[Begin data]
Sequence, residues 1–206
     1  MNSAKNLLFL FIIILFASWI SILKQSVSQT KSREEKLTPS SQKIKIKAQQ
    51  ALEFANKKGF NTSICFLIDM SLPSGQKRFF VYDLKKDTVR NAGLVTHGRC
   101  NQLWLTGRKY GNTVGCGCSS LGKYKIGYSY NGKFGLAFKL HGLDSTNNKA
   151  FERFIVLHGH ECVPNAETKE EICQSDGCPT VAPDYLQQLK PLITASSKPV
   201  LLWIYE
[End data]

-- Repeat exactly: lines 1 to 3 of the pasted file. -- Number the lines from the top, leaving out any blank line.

Sequence, residues 1–206
     1  MNSAKNLLFL FIIILFASWI SILKQSVSQT KSREEKLTPS SQKIKIKAQQ
    51  ALEFANKKGF NTSICFLIDM SLPSGQKRFF VYDLKKDTVR NAGLVTHGRC